16. Unequal, because it has been so constructed as to fall lightly on the dealers in Government and other public securities;-injurious, because it has already, and is daily, forcing 19. That we trust, therefore, that persons of every rank and calling to these our well-grounded remonbe deprived of many comforts, or to strances shall meet with earnest conseek relief from its baneful influ-sideration, and that we shall not be ences, by absence from their home trifled with in having the long hackneyor their country;-impolitic, because ed specifics of patience and time thrust it brings the cheapness of every com- on our view:-these we know the imfort in revolutionised France and port and the use of, and do not doubt America into constant comparison with that with their aid we shall witness our condition, and thereby arrays a temporary recovery, and even enjoy against the Government the great a time of prosperity; but in looking mass of the people, who are now-a- to the future, we cannot divest ourdays too wel informed not to see selves of the conviction, that the plainly through the once impervious convulsion under which we are now but now flimsy veil which is thrown labouring must periodically return, around our enormous indirect taxa. unless strong and decisive remedies tion;-invidious, because it places be prudently, but manfully, adthe consumers of taxes in ease, se. niinistered; such we hold to be abcurity and comfort, when compared solutely requisite; and as such can with the toils, and cares, and anxieties only emanate from the government, of those on whose abilities, activity we humbly, but earnestly, beseech and industry, they have the good for-you, Sire, immediately to assemble tune placidly to repose;-unconsti- the Parliament, and to direct their tutional, because it is measured, not first and best attention to the woful by the scale of what the nation can condition of the country-to the lastpay, and thrive under, but by that ing and fatal effects of such terrible which the Chancellor of the Exche- visitations-to the absolute necessity quer chooses to demand for the pay-of a great reduction of the existing ment of sums lavishly expended in | taxation—the providing for the effects maintaining needless wars, useless of Mr. Peel's bill of 1819-the replacemen, and blundering financiers, fraining from any kind of public exthe effect of Mr. Peel's Bill being to pense-the adoption of an uncommake us pay a bankrupt subject, full promising line of policy, and general thirty shillings for the pound);-over-retrenchment, calculated to restore whelming, because at all times it is confidence, give present relief, and found as a mill-stone on our neck, the prospect of a gradual return to and, especially in times like the pre-prosperity and comfort. sent, deprives us of much of those means we would gladly devote to the employment of the people.
That under its pressure, and a want of all profitable return, we, the
I have numbered the paragraphs of this petition, that I may refer to them the more easily if necessary. I request the reader
to look at paragraph 16. In fairly set forth, by a newspaper that paragraph a reduction of the called the Blackburn mail, which interest of the debt is clearly gives a very detailed account of: pointed out; and then, recollect, the manner in which the London that this petition was received with subscriptions have been made use loud cheering. It is a great pity of in a neighbouring parish, -to that Daddy COKE and BETTY SUPPLY THE PLACE OF HARBOURD were not at the Pais- POOR-RATES. For instance, ley Meeting to abuse these Lords a poor family, who are receiving and Gentlemen, and to call them six shillings a week out of the "Swindlers" and "Rogues." poor-rates, have two shillings a These hole-and-corner gentry week given them out of the Lonwill be taught better than this be- don subscription, and thereupon fore next winter is over. the overseer deducts two shillings a week from the parish allowance! Bravo, overseer!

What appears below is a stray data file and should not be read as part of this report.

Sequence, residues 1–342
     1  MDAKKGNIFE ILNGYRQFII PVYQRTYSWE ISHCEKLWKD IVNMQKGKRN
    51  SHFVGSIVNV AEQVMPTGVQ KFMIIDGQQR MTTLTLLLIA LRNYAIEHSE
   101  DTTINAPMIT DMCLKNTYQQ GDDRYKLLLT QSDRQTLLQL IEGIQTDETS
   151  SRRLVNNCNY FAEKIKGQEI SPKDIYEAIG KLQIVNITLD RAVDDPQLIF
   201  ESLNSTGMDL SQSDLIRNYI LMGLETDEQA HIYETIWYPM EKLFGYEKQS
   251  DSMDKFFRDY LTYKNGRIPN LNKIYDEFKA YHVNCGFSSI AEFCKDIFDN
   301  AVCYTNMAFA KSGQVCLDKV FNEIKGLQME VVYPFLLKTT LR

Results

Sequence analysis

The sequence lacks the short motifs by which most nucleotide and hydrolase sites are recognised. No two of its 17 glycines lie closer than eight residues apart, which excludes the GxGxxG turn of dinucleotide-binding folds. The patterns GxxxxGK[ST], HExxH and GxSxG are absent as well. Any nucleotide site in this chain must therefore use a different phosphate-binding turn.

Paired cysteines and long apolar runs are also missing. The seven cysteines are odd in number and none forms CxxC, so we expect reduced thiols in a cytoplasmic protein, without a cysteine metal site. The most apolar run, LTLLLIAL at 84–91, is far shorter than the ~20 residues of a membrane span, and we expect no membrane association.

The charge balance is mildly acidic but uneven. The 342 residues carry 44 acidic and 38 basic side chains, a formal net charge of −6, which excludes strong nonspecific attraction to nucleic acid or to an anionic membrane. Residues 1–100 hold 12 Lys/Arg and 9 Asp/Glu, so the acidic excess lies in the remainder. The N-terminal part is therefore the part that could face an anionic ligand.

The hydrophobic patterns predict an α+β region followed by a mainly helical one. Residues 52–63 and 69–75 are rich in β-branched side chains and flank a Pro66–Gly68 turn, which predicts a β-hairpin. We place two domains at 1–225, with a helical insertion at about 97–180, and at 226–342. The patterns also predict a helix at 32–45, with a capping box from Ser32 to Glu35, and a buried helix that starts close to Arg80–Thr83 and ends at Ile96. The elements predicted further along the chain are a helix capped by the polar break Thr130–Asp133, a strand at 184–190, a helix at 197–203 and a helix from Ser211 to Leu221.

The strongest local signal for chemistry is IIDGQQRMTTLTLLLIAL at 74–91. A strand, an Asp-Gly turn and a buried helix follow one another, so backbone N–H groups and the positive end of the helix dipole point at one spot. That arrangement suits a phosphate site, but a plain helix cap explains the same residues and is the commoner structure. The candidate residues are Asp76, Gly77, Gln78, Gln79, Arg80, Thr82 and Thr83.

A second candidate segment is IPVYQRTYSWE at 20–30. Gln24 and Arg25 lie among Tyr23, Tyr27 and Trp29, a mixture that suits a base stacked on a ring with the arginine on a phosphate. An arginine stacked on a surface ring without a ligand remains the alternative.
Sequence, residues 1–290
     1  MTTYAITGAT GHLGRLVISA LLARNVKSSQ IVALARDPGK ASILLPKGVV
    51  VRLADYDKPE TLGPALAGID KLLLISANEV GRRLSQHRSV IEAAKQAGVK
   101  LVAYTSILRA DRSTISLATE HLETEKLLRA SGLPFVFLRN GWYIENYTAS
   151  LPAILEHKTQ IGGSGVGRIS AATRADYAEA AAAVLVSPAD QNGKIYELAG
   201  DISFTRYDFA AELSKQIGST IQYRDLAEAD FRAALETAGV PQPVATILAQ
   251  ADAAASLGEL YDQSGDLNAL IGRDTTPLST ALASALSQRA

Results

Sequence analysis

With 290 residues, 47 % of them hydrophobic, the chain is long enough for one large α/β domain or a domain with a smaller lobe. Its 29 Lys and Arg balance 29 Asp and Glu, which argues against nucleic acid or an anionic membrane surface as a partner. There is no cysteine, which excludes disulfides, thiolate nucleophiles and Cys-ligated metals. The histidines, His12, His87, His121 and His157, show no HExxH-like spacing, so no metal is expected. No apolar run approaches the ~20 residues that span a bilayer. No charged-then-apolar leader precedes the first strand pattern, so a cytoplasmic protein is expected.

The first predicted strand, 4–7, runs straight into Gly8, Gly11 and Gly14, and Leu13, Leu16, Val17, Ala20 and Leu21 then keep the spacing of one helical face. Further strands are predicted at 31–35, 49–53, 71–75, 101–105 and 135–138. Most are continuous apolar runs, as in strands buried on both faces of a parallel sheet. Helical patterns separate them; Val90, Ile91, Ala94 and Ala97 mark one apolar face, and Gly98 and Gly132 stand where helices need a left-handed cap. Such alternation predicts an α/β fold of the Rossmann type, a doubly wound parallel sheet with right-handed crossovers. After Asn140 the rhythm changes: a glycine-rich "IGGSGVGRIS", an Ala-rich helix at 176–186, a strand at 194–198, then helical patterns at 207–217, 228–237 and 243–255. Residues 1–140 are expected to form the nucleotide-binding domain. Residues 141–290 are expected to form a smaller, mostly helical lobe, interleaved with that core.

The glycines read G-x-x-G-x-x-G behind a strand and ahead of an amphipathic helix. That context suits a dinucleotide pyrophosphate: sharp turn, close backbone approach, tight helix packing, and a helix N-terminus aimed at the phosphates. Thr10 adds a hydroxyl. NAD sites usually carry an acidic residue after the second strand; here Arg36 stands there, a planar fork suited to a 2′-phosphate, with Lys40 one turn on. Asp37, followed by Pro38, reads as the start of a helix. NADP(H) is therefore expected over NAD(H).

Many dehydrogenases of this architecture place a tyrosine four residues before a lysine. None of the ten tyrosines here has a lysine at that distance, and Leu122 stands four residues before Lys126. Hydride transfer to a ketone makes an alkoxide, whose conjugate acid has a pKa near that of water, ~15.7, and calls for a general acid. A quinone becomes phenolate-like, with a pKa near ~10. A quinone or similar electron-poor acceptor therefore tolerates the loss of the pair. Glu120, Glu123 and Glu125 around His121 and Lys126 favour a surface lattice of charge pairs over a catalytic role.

But, since we see that the main object of this Renfrewshire meeting is, to get a grant out of But, how is any man in his the taxes, let me again remind senses to believe that this will not Doctor BLACK, that such grant be the case? Indeed, it is downnever could have been asked for, right nonsense to expect the conif there had been a regular sys- trary. Precious nonsense is it, tem of poor-rates. But, what therefore, to call it a charity to justice is there in taxing all the send money into the distressed people in England, in order to districts of Lancashire. It is sendrelieve the distresses in Scotland; ing money to give to the rich, and and, indeed, what justice is there not to give to the poor; and yet in taxing the people in Scotland, that stupid creature who conducts in order to send relief to the peo- a lump of dulness, called the ple in Ireland? Yet, in every Manchester Guardian, cries aloud case, it is as just to do this, as it for relief, out of the public funds. is to relieve any part of the Eng-"Lancashire," says he, " has had lish out of the taxes. The fact the honour of being the county, is, the real truth is, that the mo- "where the sum raised for the ney thus granted is not given to " poor, amounted to the lowest the poor, but TO THE LAND-"rate per head, on the populaOWNERS, whose land, in Eng-"tion of any county in the kingland, is compelled by law to" dom. And we would much maintain the poor, and whose" rather that an extraordinary land ought to be compelled to" difficulty should be met by an maintain them in Scotland and in "extraordinary and temporary Ireland. remedy, than that those feelings Just the same may be said" of independence, which have with regard to the subscriptions, "stood in the way of numerous raised in one part of the king-" and frequent applications for dom to be sent to another part of "parochial relief, should be it. This matter is most fully il-"broken down, and an extensive lustrated by the conduct of the" pauperizing of the population Parish Officers in Lancashire," take place."
which conduct has been pretty A pretty" honour," indeed, to